Information Technology for European Advancement
Copyright © 2006 IEEE. Reprinted from IEEE Spectrum, January 2006.
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Winner? Loser? For many projects, it's hard to tell. But they're well worth pondering, because they get to the heart of waht makes technologies succeed or fail. We studied the seven projects described on the pages that follow but in the end couldn't give them thumbs up or thumbs down. So: you tell us!
INFORMATION TECHNOLOGY FOR EUROPEAN ADVANCEMENT
By Harry Goldstein
The Information Technology for European Advancement program was formed in 1999 to help European companies compete with U.S. firms in the software realm. So what is Europe getting for the hundreds of millions of euros pouring into the program?
We posed that question to more than a dozen R&D funding experts. Few had even heard of ITEA, let alone had any opinion about its success.
When the current ITEA program ends in 2008, €1.2 billion (about US $1.4 billion) and 9500 person-years of R&D will have been invested in 85 projects, involving more than 450 partners from large and small companies, government research centers, and academia, in 23 countries. Funding levels differ from country to country, but in general, local governments provide 35 percent to 40 percent, with the rest coming from Alcatel, Barco, Bosch, Bull, DaimlerChrysler, Italtel, Nokia, Philips, Siemens, Thales, Thomson, and other companies.
The second incarnation of the program, ITEA 2, which will issue a call for projects that are slated to begin next year, probably will cost €3 billion over eight years. The program aims to fund projects that focus on precompetitive applied research into software to help applications inside a cellphone, PDA, or automobile operate with each other. If successful, such software could give key European industries that make such products a leg up on their international rivals.
It remains to be seen how Europeans will gauge whether ITEA is successful, given that there is no funding for research to assess the return on investment, according to Ed Steinmueller, Science and Technology Policy Research Professorial Fellow at the University of Sussex, in Brighton, England.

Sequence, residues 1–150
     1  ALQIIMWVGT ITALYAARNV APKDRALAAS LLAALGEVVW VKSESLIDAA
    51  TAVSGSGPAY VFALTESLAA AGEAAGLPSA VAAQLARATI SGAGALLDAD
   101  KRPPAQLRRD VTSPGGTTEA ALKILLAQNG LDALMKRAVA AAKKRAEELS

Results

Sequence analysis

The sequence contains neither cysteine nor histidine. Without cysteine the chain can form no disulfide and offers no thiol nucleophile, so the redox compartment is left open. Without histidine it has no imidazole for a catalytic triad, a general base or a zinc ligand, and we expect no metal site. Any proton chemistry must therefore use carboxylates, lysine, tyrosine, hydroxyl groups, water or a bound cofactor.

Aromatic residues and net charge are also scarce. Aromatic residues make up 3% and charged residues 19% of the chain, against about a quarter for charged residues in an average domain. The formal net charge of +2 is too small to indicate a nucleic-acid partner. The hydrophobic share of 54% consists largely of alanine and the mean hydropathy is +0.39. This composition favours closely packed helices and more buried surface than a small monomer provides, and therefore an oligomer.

He thinks that ITEA managers might not be able to distinguish between projects that explore truly novel technologies and those that could result in merely incremental improvements. But Steinmueller says that this is just speculation on his part. "It is not possible to provide reliable or defensible evidence for such a conclusion without systematic program-level assessment." He adds that the United States and Japan have similar difficulties in assessing the return on investment of R&D funds.
Most ITEA projects have Web sites, but many of them are devoid of useful information. For instance, about all we learn from the AMEC (Ambient Ecologies) site, http://www.amecproject.com, is that the project defines the architectural framework and develops the methodologies, tools, and design methods "for people involvement, which will facilitate a user-centred evolution to this new Ambient Intelligent environment."
Other projects, such as ObjectWeb http://www.objectweb.org, an open-source software community that is developing middleware—software that sits between operating systems and applications and helps the nodes communicate efficiently—have active Web sites and are clearly thriving well beyond the termination of ITEA funding.
More information at http://www.itea-office.org. Also check out a Philips Research–sponsored list of links to European R&D projects at http://www.hitech-projects.com/euprojects.